Fundacion Kalida barcelona

Designed by: Benedetta Tagliabue -Patricia Urquiola
For client: Kālida Sant Pau Foundation Floor area: 2000.00 M² Year of completion: 2019
Submitted for: Healthcare Centre of the Year

Paola Acevedo Fundacio Kalida 9
© Paola Acevedo

About the Project

Located just a few metres from the Oncology Service of the Hospital de la Santa Creu i Sant Pau [Santa Creu i Sant Pau Hospital], Kālida Sant Pau has opened its doors as a place where people with cancer can find support, information and feel able to share their feelings and concerns in an environment of total understanding. Staffed by professionals specialised in oncology support – psychologists, nurses, social workers and therapists – Kālida Sant Pau offers emotional, practical and social support. It is free and available to anyone with cancer and is located close to where they receive treatment.

This unique programme is based on the experience of the Maggie’s organisation, whose global network Kālida belongs to. Like all of the Scottish organisation’s sites, which are always designed by renowned architects, it was essential that this project had a specially-designed building. The design for the first Kālida Centre is by architect Benedetta Tagliabue of the Miralles Tagliabue EMBT studio, who worked pro bono to create a welcoming and friendly building that is unprecedented among hospital facilities. The interior design, in turn, is the work of interior designer and architect Patricia Urquiola who, together with her team at Studio Urquiola, has enabled the project receive donations from leading furniture, lighting and tile manufacturers.

The opening of this centre is the culmination of a pioneering project in Spain, which began more than a decade ago and has been driven by the Fundació Nous Cims* [Nous Cims Foundation] and the Fundació Privada Hospital de la Santa Creu i Sant Pau* [Santa Creu i Sant Pau Hospital Private Foundation], supported by Fundació de Gestió Sanitària de l’Hospital de la Santa Creu i Sant Pau* [Santa Creu i Sant Pau Hospital Health Management Foundation]. The international organisation Maggie’s*, whose work and services were its inspiration, has also supported and collaborated with the initiative.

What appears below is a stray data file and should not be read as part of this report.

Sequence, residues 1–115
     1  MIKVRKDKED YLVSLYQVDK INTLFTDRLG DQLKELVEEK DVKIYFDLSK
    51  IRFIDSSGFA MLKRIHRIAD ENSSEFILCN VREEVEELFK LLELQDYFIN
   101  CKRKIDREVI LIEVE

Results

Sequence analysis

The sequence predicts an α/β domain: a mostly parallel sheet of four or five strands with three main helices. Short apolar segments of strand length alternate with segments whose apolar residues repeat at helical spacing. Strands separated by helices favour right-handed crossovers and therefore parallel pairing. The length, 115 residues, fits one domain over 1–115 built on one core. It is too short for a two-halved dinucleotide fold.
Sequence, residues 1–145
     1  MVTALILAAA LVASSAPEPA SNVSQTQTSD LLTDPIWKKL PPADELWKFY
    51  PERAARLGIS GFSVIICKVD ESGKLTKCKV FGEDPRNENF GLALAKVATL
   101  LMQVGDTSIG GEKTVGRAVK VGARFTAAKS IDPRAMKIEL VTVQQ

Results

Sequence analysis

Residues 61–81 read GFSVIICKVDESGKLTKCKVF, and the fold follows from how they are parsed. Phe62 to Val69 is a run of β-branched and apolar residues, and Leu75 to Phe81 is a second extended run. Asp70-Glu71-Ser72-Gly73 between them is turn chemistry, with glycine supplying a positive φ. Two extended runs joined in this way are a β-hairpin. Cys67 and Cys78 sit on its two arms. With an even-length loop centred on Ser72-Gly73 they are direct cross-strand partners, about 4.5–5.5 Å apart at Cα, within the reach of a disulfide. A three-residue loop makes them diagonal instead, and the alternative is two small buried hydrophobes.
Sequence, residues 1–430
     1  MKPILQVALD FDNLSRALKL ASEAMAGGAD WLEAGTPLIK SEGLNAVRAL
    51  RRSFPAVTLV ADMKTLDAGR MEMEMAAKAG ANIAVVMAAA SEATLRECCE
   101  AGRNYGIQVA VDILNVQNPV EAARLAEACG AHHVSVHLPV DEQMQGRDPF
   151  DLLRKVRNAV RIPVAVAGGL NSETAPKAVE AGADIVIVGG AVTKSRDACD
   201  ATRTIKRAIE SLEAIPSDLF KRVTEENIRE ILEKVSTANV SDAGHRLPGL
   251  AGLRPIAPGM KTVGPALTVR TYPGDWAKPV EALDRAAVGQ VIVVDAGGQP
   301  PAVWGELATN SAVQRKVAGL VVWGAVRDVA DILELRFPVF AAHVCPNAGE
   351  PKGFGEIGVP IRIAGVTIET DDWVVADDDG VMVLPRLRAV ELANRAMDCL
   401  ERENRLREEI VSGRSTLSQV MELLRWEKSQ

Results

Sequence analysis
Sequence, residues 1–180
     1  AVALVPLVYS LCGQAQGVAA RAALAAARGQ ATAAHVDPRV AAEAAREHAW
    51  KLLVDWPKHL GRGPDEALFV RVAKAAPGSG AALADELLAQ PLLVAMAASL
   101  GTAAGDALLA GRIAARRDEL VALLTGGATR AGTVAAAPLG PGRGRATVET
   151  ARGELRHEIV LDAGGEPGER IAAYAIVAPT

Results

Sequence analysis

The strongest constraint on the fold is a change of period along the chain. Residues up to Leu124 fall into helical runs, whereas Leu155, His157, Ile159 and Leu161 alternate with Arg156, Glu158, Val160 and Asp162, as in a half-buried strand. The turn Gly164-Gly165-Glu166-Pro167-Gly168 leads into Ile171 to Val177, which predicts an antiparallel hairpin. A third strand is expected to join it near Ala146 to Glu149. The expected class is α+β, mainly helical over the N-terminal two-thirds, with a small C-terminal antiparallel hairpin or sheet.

Psychosocial needs of people with cancer

Over the past 30 years, cancer mortality has decreased while the rate of incidence has increased. It is estimated that one in two men and one in three women will bediagnosed with cancer. With a 53% survival rate over five years, similar to European figures1 , cancer tends to be a chronic illness. In Catalonia, there are 120,000 people2 living with cancer and this figure is estimated to double by 2030. As a result of their diagnosis and treatment, people with cancer face a range of emotions that can range from anxiety to loneliness and isolation. Most Catalan cancer patients currently have unmet psychosocial needs:

• Only 1 out of 10 receives psychological treatment.

• Most suffer from adjustment disorders.

• Stress has a highly damaging effect on the well-being and quality of life

and on the tolerance of and adherence to treatment.

• The emotional impact extends to those around each patient, i.e. their

relatives, caregivers, and even their social circle.

In the face of this situation, Kālida Sant Pau aims to complement the public health

system’s efforts by providing:

• High-quality, professional care.

• Support at all stages of the cancer process.

• A comprehensive programme of psychosocial support aimed at the patient and those closest to them. This consists of advice and supervision from a Monitoring Committee comprising the heads of services of Medical Oncology, Clinical Haematology, Palliative Care and Radiation Oncology and the Nursing Department at the Hospital de la Santa Creu i Sant Pau, whose chairman is Dr. Agusti Barnadas, a supporter of the project from its outset.

• A space whose design is based on the concept of caring architecture.

What’s unique about it

One of the key pillars of the centre is the programme “Drop in Kālida”, which encourages people to pop in -no appointment or referral required - so that the professional team, can assess their needs and advise them on the most appropriate activities and/or services at each point. People with cancer and their family members or caregivers may experience reactions that include fear, anxiety, anger, guilt or depression. To support them in managing their emotional needs at the different phases of the disease, Kālida provides courses in stress reduction, mindfulness, art therapy as well as individual and/or group sessions, all of which are provided by specialist psycho-oncology professionals. Group work is another pillar of the Kālida model as scientific research has shown that participating in advocacy groups can improve mood and quality of life.

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Credits:
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